What I Learned From Couch Conversations, “Gender Roles” (VIDEO)
by Avione Lee



February 7, 2019


6 Minute Read


What I Learned From Couch Conversations, “Gender Roles” (VIDEO)

What is the hardest part of bending traditional gender roles in marriage? I watched BlackLove.com’s Couch Conversations and found out.

Growing up, gender stereotypes were alive and well in my household, as well as the households of all of my friends. We were the latch-key generation children of married women who worked, but still had all the responsibilities of the household. So our mothers not only worked a full-time job, they were at PTA meetings, fixing full-course meals, cleaning all the dishes, dropping us off at soccer matches, and making sure our homework was done. It didn’t matter if they were married, partnered, or single — from a traditional viewpoint, they were bringing in the money like the man, with all the responsibilities of the woman.

So looking at my friends’ marriages now, we realize, shoot, times have changed. Woman have been steadily in the workforce for two generations and in the Black household much longer than that. And guess what, we aren’t doing everything anymore. Marriage is a 50-50 split where the spouses inherit talents are celebrated, not pushed aside because the woman should cook even though she only knows how to make SpaghettiOs from the can — and she still burns them.

So it was nice to see this sentiment echoed in the “Gender Roles” episode of the BlackLove.com series, Couch Conversations. I enjoyed a lot about the honest and frank conversations of Khadeen and Devale Ellis as they welcomed two couples to the conversation: Melissa and Kevin, who have been together for 18 years; and Issa and Casie, who, married for two years, were holding it down for the newlyweds.

Both couples realized they had to throw away all they thought they knew and start to follow what worked for them.

The couples talked about following dreams and, in so doing, reevaluating the man and woman’s role in the house. Both couples realized they had to throw away all they thought they knew and start to follow what worked for them. Through layoffs, living in cars, and fixing lunches, while moving towards their goals, both couples were able to make it work by finding out what their true roles were in their relationships — outside of gender. And it was not what they originally thought at all.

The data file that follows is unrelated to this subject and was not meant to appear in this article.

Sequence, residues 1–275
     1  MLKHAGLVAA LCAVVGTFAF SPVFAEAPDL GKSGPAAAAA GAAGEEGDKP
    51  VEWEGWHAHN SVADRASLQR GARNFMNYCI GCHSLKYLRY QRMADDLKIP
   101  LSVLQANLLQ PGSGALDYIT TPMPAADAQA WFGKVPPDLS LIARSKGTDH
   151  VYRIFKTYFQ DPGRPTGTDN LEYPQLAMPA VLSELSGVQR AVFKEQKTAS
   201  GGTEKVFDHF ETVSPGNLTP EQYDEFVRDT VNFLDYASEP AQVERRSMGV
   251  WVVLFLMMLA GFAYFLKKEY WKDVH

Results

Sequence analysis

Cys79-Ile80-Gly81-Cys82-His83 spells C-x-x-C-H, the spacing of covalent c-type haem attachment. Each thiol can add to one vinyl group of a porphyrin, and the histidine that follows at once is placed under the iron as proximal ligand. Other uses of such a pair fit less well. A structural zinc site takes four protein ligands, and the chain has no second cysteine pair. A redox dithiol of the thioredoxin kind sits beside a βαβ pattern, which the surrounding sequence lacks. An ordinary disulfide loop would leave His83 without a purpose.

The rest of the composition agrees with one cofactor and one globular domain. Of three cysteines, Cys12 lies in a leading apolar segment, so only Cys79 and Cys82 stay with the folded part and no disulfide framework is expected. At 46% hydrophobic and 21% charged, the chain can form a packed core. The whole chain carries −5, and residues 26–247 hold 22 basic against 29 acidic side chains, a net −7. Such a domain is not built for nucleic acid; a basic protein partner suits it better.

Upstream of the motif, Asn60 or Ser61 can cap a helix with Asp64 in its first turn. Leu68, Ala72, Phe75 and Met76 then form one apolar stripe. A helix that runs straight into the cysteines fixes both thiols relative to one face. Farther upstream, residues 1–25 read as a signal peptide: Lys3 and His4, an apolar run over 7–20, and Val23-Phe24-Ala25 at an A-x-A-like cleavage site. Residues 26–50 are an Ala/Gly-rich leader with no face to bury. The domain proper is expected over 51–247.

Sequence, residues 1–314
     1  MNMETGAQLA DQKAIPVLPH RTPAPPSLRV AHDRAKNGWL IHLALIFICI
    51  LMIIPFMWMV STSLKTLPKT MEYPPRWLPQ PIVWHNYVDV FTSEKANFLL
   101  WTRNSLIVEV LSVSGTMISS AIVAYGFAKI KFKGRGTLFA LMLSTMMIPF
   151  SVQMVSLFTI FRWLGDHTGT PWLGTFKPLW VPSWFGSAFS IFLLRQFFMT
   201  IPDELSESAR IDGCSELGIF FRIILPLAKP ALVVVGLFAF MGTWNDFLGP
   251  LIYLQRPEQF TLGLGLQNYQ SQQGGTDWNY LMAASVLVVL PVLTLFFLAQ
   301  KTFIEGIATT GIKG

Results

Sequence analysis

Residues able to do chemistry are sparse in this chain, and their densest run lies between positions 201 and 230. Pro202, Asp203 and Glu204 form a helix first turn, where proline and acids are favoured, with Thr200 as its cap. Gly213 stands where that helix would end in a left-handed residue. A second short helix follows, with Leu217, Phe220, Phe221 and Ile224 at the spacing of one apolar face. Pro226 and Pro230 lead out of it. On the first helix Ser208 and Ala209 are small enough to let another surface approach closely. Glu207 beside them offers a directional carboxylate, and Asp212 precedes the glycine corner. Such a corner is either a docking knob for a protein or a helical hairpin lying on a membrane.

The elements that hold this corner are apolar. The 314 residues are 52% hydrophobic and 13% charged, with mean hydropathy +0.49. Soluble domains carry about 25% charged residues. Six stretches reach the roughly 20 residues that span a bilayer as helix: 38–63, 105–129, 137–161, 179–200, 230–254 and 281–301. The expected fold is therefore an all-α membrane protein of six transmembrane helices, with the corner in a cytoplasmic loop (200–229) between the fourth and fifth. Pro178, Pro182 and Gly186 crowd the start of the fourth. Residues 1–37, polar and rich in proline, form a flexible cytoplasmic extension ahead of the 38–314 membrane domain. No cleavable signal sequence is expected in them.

Couch Conversations

For both couples, the women were the ones bringing in the bread while the men pursued their passion in Los Angeles. The women said that the hardest part was working with the male ego. They did not want to hurt their man, who was already feeling low by not living up to the most stereotypical of stereotypical male gender roles in the household: bringing in the paper.

When Khadeen brought up that it does not look like they followed traditional gender roles at all, Kevin mentioned that a deacon in their church told him he couldn’t be the man if he didn’t pay the bills. But, Kevin thought, if I pay these bills, they will be late. The reason was that he was not organized in that regard, yet that was Melissa’s strength. That was the first time in their marriage that they had to say, I don’t care what works for y’all, this works for us.

The women said that the hardest part was working with the male ego.

It was clear that all three women knew that they did not want to hurt their husband’s ego, which appeared to be the main female gender role that was non-negotiable in all three relationships. But Khadeen flipped it and wanted to know what the males gender role should be to support their woman “no matter what.”

Casie immediately spoke up and said that, to her, being thankful for what she does is being supportive. Telling her thank you at the end of the day is what she needs to hear, not what they will be doing the next day, or complaining about what didn’t go right. She just wanted a thank you.

Melissa agreed and said that Cassie spoke directly to her heart. “The only reason a dreamer can dream is because there is a solid person at home, holding it down.”

Melissa’s husband Kevin brought it around and said that in a marriage, you can’t expect people to be the same year in and year out, people change. He mentions that he became more ambitious, and his wife became more confident, there is no way that one person is going to stay the same. Kevin said, “you have to do what works for you in your marriage. What worked for your parents or grandparents is what worked for them, and what works for us is what works for us.”